Reflections from @becsta94
Twenty-seven representatives from the PenCLAHRC stakeholder organisations got together in the Great Hall to discuss ten of the top ranked uncertainties that had been gathered from the region over the preceding six months. The evidence synthesis team manages the prioritisation process, with the whole team involved at different stages.
Using prioritisation to determine which research is undertaken is a cornerstone of PenCLAHRC (Whear et al, 2015). It’s a process that resonates well with the increasing recognition of the need to reduce research waste across the world. In 2009, Iain Chalmers and Paul Glasziou, suggested that up to 85% of research is being wasted. Waste occurs because research is poorly designed or conducted, unable to answer its intended question, is looking at an issue that we already know the answer to, or is not published or reported well. Ben Goldacre in his ‘closing plenary’ at the Cochrane UK and Ireland 21st Anniversary Symposium also referred to the issue of waste, and stated that if he was in charge, he would cancel all primary research for a year….’we need to get better at synthesising and disseminating the evidence we already have’ he said! In 2014, the Lancet published a series of five articles on research waste. The series brings to the fore issues around making research more relevant to users, improving research design and analysis, research regulation, making research information more accessible and the importance of unbiased and usable research reports. Cochrane also recently published key findings from their survey on approaches to minimising research waste advocating for systematic reviews and supporting priority setting processes.
So, sitting round the table at the stakeholder meeting, was a timely reminder of how we at PenCLAHRC are making our own contribution to reducing research waste. We tick many of the boxes that Iain Chalmers and colleagues recommend in their ‘how to increase value and reduce waste when research priorities are set’. We involve local users of research, both lay people and clinicians, from the very start by asking for their research or clinical practice uncertainties. Those involved in the ranking of the uncertainties are asked to base their decisions on the relevance of the topic (research) to the region, the perceived clinical importance and whether the uncertainty is feasible and cost-effective to investigate. We search for the evidence that is already out there, but unlike these detective canines, we don’t then bury it again!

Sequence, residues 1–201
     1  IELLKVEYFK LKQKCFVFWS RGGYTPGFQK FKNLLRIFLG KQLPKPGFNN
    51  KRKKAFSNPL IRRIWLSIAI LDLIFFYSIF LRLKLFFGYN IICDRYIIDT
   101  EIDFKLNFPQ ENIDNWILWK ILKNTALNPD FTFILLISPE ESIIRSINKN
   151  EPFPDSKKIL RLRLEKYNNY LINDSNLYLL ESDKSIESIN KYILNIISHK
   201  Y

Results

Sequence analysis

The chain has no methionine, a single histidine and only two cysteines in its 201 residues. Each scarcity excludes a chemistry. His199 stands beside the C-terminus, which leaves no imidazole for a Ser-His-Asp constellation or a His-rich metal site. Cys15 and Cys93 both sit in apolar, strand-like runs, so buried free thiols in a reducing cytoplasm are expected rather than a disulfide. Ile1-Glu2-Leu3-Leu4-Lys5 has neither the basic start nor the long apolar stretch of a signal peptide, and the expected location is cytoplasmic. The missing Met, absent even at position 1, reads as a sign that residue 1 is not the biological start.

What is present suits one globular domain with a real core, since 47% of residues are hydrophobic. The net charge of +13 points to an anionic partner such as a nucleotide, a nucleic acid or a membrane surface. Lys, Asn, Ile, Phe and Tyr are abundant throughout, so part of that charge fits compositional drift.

with the kind permission of Mike Gruhn
We systematically check for what has already been done and what is in the process of being researched and synthesise these in one page summaries and 4-6 page rapid evidence briefs that are used to inform different stages of the prioritisation process. We seek comments from the representatives of the stakeholder organisations, including representatives of patients and the public, on the uncertainties as they pass through the process. This iterative step helps ensure that the uncertainties are considered alongside research user-led concerns of relevance, importance, and perhaps practicality.
Fifty-eight uncertainties entered the process in September. After two stages of ranking (a progressive sieving of those seen as more important) the top ranked ten were discussed at the stakeholder meeting. Rich discussions from everyone around the table teased out whether the topics were of concern to the populations of Cornwall, Devon and Somerset and whether there was expertise in the region for the issue being addressed. ‘Not that old cabbage’ was the response from one expert clinician who informed the group that one uncertainty under consideration was indeed a known issue, but the research needed to answer the intricacies of dosing timing and adjuvant treatment would be large scale and well beyond resources available.
Our evidence briefs helped inform the discussion. The votes were then cast. Three uncertainties stood out from the rest, and the two that received the most votes are now being scoped by PenCLAHRC for their feasibility as research projects.
The stakeholder meeting is always a rewarding day. Within our academic evidence synthesis world, we read, write and talk evidence, but to hear the clinicians and administrators place the evidence in a real world context is an eye-opener, and can often be a wake-up call. Hearing about the pragmatic and practical issues faced in every day healthcare reminds us that there is another virtual evidence base of which we have no ‘peer-reviewed’ evidence. Are we doing our best at minimising research waste? It’s hard to know, but I think we are at least giving it a go…
For a quick and easy summary of the PenCLAHRC Prioritisation Model take a look at our short video.